Re:Dalvik or recompile (0)

Anonymous Coward | about 7 months ago | (#46771645)

3) is why alternate platforms for Windows like Alpha, MIPS, PPC and Itanium never took off.
It's like Deja' Vu all over again and people that fail to learn from history are doomed to repeat it.

Re:ARM is the new Intel (0)

Anonymous Coward | about 7 months ago | (#46770707)

defecto

De facto. Don't try to speak fancy if you don't know the proper words.

Re:ARM is the new Intel (1)

Last_Available_Usern (756093) | about 7 months ago | (#46770869)

We all knew what he meant. Frankly, I didn't even notice it until you pointed it out. If you're so observant wouldn't disecting nuances of the article be a btter use of your time than spelling/grammar monitoring?

Re:ARM is the new Intel (3)

Jmc23 (2353706) | about 7 months ago | (#46771051)

defecto

De facto. Don't try to write fancy if you don't know how to spell the proper words.

FTFY.

Don't try to think fancy if ...

Re:ARM is the new Intel (1)

losfromla (1294594) | about 7 months ago | (#46774469)

Here's a
"woosh"
for you. Sorry, that stick up your butt must really hurt being that it has blinded you to basic nerd humor.

Re:ARM is the new Intel (3, Interesting)

stevel (64802) | about 7 months ago | (#46770827)

Intel-powered Android tablets can run almost all Android-ARM apps. Those that are native ARM apps are handled through binary translation. It works very well. I've used a Dell Venue 8 (Intel CloverTrail+ Android) and did not find any apps that wouldn't run just fine.

Re:ARM is the new Intel (2)

causality (777677) | about 7 months ago | (#46772195)

Intel-powered Android tablets can run almost all Android-ARM apps. Those that are native ARM apps are handled through binary translation. It works very well. I've used a Dell Venue 8 (Intel CloverTrail+ Android) and did not find any apps that wouldn't run just fine.

Is that done in hardware? Is there a performance penalty?

A related question about the programs you tried: were these computationally intensive games, or things like office apps and file managers?

Re:ARM is the new Intel (5, Interesting)

stevel (64802) | about 7 months ago | (#46772585)

It's done in software with hardware assist - Intel calls this technology "Houdini". Most Android apps are Dalvik which Intel has an X86-optimized implementation of. The translated apps run quite well for most purposes, but yes, there is a performance penalty. I did run some games but probably not the really compute-intensive ones. I found the performance overall quite good - at least as good as my iPad 3 - and to most users the choice of processor would be transparent. For apps which are ARM binary, a growing number are also providing X86 binaries.

Re:ARM is the new Intel (2)

dtfinch (661405) | about 7 months ago | (#46770845)

What's weird is that Intel was in the ARM business for a while, before selling XScale to Marvell in 2006, just as it was taking off. Maybe the prices were getting too competitive.

Re:ARM is the new Intel (4, Informative)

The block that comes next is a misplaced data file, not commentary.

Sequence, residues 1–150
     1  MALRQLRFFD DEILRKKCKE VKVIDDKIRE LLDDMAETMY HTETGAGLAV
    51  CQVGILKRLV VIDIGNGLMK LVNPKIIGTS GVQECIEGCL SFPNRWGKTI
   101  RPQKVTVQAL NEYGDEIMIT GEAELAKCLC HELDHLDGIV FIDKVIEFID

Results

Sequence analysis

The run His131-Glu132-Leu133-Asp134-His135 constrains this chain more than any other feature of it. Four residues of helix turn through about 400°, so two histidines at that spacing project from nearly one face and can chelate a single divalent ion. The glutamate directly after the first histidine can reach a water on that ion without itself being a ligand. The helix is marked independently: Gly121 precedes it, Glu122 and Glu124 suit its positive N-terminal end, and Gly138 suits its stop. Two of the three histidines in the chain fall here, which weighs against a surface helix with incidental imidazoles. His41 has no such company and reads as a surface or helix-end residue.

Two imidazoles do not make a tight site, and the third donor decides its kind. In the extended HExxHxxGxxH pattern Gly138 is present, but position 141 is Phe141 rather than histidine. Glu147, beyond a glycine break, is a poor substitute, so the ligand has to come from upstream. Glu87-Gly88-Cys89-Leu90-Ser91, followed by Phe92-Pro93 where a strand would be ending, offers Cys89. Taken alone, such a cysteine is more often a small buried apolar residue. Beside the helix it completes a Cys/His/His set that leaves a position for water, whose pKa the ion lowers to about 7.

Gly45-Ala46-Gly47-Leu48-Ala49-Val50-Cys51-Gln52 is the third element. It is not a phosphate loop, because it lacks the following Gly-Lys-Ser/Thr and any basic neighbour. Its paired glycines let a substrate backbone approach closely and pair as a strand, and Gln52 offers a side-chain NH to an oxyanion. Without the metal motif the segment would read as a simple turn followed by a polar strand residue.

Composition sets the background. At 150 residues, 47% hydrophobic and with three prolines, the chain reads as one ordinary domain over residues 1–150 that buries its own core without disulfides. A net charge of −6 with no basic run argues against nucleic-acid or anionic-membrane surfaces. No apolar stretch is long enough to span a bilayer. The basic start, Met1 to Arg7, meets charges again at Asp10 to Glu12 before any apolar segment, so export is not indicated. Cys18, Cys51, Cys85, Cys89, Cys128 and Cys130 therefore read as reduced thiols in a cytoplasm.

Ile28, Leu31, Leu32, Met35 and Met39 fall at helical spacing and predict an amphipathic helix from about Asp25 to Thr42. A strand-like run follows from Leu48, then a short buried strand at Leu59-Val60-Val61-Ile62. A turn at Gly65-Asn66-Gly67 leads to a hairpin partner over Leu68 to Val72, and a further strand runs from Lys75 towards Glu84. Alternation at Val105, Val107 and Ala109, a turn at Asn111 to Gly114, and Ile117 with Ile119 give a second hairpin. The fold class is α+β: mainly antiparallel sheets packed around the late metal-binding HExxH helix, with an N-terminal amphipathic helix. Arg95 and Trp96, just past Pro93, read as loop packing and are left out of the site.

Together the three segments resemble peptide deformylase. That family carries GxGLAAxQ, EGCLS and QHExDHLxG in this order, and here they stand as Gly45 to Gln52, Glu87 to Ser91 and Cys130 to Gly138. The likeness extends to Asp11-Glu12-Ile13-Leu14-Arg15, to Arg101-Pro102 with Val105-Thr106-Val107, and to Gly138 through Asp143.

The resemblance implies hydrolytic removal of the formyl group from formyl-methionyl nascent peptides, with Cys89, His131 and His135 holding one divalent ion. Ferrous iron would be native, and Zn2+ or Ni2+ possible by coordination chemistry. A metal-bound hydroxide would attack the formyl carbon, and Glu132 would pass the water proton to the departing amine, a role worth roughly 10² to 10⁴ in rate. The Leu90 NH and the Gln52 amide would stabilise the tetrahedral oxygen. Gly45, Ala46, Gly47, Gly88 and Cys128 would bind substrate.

Grishnakh (216268) | about 7 months ago | (#46771953)

No, at the time Intel was trying to trim down as they had overextended themselves and too many unprofitable departments. I worked in that department shortly before it was sold off; right before that, the department head "resigned" on the heels of very poor performance. Around that time, they also got rid of their consumer products division which made wireless keyboards and mice and a crappy digital camera. Not long after, they went through a big downsizing called "SET" where they just got rid of people all over the company. They went from around 100k employes down to around 80k in just a couple of years.

Re:ARM is the new Intel (0)

Bacon Bits (926911) | about 7 months ago | (#46772119)

I think Intel wanted to try to scale the x86 down. That's where the Atom came from. Unfortunately, they could never get it to work on a power scale that competes with ARM before ARM hit 1 GHz. That seems to be the speed at which processors become good enough to do most anything useful. With the Cortex-A8, the Atom was in serious trouble. The Atom is now positioned as too much for a tablet or phone (and doesn't support most Android apps) and not enough for desktop or laptop (it can't handle more resource intensive x86 apps, like the Windows GUI or video). That's a pretty awkward spot.

Re:ARM is the new Intel (1)

stevel (64802) | about 7 months ago | (#46773337)

Intel inherited XScale from DEC, which called it StrongARM, as part of the patent lawsuit settlement that also netted Intel DEC's Hudson, Massachusetts chip fab. Xscale actually did quite well for Intel, but as you say, they sold it off to Marvell.

Re:ARM is the new Intel (1)

symbolset (646467) | about 7 months ago | (#46770927)

Intel can do fine. They make some amazing tablet platforms. They just need to stop deliberately making them incompatible with the sort of software people want to use, defeaturing the platform to prevent competition with their other products, and providing price incentives that encourage a gimped final product. It is not that difficult.